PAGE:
Britain’s average new let now costs £964 per calendar month, but July saw the overall slowing down of rental growth continue, with costs increasing by just 0.2%, the latest lettings index shows.
Across Britain, the highest rental growth was recorded in Wales, with rents up an average of 4.9% year on year to £680, followed by the Midlands, up 2.4% to £684, while 0.9% increases were recorded in both the South West and the North – leaving averages standing at £1,042 and £638 respectively.
Elsewhere, the East of England saw rents increase on an annual basis by 0.7% to an average of £950 a month, and Scotland experienced a climb of just 0.2% year on year, with an average of £649, according to the index from Hamptons International.
However, London was shown to buck the overall trend for the second month in a row, with average rents down 1.6% year on year to £1,682. A breakdown shows that rents fell by 1.7% in inner London, but still remain high at £2,582, while rents further out were down by 1.5% to £1,511.
‘Rental growth slowed to 0.2% across Britain in July. Falls in London were offset by higher growth in the rest of the country. Inner London experienced the greatest fall, with rents decreasing for the third consecutive month,’ said Aneisha Beveridge, analyst at Hamptons International.
The report also found that there is currently a record low in the number of overseas landlords operating within the UK lettings market, with data for the first half 2018 indicating that just 6% of Britain’s landlords are based outside the UK.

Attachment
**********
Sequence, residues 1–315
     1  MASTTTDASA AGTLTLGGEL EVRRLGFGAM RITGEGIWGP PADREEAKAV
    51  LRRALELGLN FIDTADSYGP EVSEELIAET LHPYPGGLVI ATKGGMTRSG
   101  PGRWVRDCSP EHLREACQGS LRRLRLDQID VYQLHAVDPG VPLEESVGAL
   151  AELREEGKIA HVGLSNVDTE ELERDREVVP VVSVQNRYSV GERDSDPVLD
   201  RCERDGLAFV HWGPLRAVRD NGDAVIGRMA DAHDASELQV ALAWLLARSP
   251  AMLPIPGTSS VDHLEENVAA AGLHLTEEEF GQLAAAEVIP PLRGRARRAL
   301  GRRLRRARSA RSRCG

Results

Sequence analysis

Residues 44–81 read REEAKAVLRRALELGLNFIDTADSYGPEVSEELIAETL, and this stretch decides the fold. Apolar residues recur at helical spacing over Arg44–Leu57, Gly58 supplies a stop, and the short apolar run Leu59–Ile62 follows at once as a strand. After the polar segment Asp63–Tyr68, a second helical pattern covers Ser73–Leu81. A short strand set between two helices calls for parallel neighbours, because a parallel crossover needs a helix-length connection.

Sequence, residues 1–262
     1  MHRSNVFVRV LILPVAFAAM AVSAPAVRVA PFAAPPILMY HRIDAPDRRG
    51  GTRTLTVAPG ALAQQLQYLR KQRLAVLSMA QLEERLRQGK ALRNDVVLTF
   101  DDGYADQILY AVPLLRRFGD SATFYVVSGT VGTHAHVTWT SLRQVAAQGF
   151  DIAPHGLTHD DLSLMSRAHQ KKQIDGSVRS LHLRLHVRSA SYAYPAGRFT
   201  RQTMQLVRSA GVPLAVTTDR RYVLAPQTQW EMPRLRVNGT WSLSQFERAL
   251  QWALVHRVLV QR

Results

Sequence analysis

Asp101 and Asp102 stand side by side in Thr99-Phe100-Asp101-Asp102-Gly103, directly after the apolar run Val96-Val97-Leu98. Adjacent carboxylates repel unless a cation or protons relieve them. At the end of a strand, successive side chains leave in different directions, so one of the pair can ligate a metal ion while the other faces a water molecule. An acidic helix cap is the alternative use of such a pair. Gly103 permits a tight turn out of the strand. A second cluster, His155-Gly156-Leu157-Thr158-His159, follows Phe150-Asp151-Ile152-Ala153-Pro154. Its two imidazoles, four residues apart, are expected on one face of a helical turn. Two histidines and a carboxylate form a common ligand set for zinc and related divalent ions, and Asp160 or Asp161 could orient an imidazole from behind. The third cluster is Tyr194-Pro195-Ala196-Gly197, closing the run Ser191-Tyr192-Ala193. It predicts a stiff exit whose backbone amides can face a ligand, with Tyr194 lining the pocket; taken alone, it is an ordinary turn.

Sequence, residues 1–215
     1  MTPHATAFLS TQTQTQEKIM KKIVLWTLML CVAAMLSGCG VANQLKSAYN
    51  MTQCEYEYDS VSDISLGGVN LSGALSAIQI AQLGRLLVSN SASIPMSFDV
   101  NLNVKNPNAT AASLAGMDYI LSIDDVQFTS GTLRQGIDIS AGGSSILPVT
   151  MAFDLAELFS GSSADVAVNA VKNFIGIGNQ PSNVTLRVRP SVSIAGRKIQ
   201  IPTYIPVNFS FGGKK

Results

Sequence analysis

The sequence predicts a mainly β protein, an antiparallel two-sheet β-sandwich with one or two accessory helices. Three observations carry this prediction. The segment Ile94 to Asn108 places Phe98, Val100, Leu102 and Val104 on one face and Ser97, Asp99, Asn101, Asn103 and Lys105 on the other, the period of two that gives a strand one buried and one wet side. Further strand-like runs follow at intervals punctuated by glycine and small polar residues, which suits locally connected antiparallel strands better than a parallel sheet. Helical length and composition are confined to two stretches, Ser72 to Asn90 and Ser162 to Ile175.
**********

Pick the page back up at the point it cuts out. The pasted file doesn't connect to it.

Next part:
Since the firm began recording this data back in 2010, the proportion of lettings by overseas landlords has halved, with figures from the first half of 2010 showing that overseas landlords were responsible for 13% of all UK lettings. However, the number of international based landlords has increased in London this year.
Indeed, the figures for London continue to fluctuate, with the proportion of homes in the capital let by overseas landlords peaking at 20% in the second half of 2011, but ending 2017 at record lows of 7%. However, these figures are on the rise again, with a 5% increase between the second half of 2017 and the first half of 2018 – placing London quite significantly out of kilter with the rest of the UK.
The largest proportion of international landlords hail from Western Europe at 44%, followed by Australasia at 16%, North America at 14%, Asia at 12%, and 9% in the Middle East. However, London’s proportion by global region data is different again, with 30% coming from Western Europe followed by 20% from Asia.
Beveridge suggests that the combination of the increase in stamp duty and annual tax on enveloped dwellings (ATED) and the increase in tax bills for foreign investors has deterred foreign investors, whilst also pointing to the removal of exemption from capital gains tax, which was introduced in 2015.
‘However over the last year, London has bucked the trend with a pickup in international landlords. Sterling’s depreciation, effectively offering international buyers a discount, combined with a softening London market, has helped offset the additional higher costs of owning a buy to let property in the capital for foreign investors,’ she said.